American Heritage® Dictionary of the English Language, Fourth Edition
- Gainsborough, Thomas 1727-1788. British portrait and landscape painter. His masterpieces include The Blue Boy and The Harvest Wagon (both c. 1770).
- n. English portrait and landscape painter (1727-1788)
“She wore when I first saw her a long dress of black silk and velvet sparkling with jet; over her shoulders was thrown carelessly a mantle of cream-colored cloth; on her head was a plush hat -- what they call a Gainsborough -- trimmed with a long graceful plume, also of cream-color.”
“Victoria: My first costume was Aerith Gainsborough from the video game Final Fantasy VII.”
“Mary Robinson's seated position in Gainsborough's 1781 society portrait is not only unusual, but she reclines, her body cutting diagonally across the composition, rather than sits upright (as in Reynolds's 1783-4 half-length, more intimate painting of her, in which in a melancholy but upright seated pose she faces away from the viewer with the sea behind her). [”
“Looking towards the east you discover in extreme distance the Marlborough Downs; then somewhat nearer Kingsdown, Bathford, the hills above Warleigh, with Hampton cliffs and the neighbouring woods, where Gainsborough, Wilson, and Barker studied Nature so well, and where is shown the flat rock called Gainsborough's table, on which the first of this picturesque triumvirate so often ate his rustic meal.”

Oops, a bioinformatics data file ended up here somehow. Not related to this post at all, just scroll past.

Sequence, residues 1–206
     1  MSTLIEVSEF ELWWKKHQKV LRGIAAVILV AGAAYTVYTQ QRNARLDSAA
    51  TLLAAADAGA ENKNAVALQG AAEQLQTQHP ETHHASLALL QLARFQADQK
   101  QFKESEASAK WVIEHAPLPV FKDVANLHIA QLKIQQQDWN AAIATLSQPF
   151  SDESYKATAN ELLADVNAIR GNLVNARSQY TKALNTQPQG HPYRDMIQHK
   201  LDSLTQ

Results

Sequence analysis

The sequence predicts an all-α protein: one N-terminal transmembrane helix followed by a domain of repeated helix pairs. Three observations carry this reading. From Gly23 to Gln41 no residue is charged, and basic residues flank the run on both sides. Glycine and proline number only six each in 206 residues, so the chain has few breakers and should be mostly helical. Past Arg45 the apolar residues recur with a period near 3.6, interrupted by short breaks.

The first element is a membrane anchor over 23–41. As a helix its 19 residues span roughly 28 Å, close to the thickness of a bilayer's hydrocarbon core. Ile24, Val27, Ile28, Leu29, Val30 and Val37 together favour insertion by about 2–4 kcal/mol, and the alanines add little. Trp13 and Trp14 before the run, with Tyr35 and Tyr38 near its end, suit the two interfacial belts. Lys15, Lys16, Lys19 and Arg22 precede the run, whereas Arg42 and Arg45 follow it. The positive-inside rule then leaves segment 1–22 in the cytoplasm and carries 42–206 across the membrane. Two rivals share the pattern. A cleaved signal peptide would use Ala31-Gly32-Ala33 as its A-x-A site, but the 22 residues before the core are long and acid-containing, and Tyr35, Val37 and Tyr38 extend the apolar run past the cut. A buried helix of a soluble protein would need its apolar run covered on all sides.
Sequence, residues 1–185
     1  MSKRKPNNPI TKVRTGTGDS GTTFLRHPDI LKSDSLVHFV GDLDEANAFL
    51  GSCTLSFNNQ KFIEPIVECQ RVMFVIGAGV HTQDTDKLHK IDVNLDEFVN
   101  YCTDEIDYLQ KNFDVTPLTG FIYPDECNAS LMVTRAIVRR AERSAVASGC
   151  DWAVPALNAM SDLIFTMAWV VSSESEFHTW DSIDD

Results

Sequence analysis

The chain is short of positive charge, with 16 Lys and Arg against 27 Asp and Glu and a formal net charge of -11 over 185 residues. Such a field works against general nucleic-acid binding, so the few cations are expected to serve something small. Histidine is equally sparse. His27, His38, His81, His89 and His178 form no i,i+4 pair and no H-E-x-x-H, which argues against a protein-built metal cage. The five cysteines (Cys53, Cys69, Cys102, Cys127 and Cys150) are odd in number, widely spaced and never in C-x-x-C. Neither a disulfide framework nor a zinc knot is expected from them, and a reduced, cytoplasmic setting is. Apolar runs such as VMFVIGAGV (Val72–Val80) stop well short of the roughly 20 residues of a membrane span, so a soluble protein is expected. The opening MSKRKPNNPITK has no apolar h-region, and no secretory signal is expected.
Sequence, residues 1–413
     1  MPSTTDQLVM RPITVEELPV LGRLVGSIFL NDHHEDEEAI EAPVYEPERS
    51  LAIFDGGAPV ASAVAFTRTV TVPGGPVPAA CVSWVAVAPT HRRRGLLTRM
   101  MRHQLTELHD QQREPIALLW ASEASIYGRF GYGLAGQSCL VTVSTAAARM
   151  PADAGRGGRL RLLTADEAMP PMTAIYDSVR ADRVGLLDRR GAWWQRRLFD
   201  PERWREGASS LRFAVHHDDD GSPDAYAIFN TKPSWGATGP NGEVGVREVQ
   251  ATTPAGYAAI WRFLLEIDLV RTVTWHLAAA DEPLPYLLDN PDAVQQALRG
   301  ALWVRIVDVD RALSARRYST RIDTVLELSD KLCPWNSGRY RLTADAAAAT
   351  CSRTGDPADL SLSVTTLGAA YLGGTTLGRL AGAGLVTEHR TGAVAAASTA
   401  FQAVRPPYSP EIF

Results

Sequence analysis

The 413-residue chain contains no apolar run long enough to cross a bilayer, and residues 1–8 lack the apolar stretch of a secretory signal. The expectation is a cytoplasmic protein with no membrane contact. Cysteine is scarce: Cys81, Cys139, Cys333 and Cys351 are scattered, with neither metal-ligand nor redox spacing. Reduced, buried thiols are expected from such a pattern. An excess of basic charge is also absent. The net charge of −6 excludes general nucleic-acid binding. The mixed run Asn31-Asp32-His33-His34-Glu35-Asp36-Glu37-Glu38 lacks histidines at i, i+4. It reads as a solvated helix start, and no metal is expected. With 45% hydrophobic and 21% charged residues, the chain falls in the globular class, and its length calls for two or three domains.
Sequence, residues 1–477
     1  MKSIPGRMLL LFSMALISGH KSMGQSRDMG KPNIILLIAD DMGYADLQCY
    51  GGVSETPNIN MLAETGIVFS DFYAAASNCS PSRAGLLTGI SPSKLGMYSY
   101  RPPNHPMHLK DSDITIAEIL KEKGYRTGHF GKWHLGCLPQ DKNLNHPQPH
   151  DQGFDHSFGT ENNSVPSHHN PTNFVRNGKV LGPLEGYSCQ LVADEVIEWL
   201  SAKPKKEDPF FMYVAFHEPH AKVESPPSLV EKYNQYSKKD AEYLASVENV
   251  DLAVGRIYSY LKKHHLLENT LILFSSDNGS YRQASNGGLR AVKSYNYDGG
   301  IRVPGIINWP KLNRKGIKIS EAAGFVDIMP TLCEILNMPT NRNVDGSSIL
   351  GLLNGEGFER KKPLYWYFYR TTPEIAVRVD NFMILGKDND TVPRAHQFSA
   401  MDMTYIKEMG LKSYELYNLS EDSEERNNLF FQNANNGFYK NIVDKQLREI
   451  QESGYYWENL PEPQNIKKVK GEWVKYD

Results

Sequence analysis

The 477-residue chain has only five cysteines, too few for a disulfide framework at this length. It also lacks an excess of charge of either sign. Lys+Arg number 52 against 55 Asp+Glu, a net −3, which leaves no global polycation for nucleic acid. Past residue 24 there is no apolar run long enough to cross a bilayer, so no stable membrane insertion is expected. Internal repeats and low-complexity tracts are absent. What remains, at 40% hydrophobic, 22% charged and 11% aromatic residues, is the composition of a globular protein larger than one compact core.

“Portraits by leading painters such as Gainsborough did not come cheaply.”
“In such a socialized space, prominent artists such as Gainsborough and Reynolds would have had ample opportunity to work on their clients 'taste as much as their preferences. close window close window”
“(In addition to the Ellesmere manuscript of Chaucer's "Canterbury Tales," the private collection boasts a Gutenberg Bible and paintings such as Gainsborough's "Blue Boy.")”
“He has painted, not pictures of the world, but English pictures, such as Gainsborough himself might have done; beautiful rural pieces, with trees which might well tempt the wild birds to perch upon them, thou needest not run to”
“He has painted, not pictures of the world, but English pictures, such as Gainsborough himself might have done; beautiful rural pieces, with trees which might well tempt the wild birds to perch upon them; thou needest not run to Rome, brother, after pictures of the world, whilst at home there are pictures of”
“They sang it to "Gainsborough," the favourite tune of the old folk, for it gave an opportunity for restful lingering on every word, and had in it all those much-loved trills and quavers that made up the true accompaniment of a Scottish psalm.”
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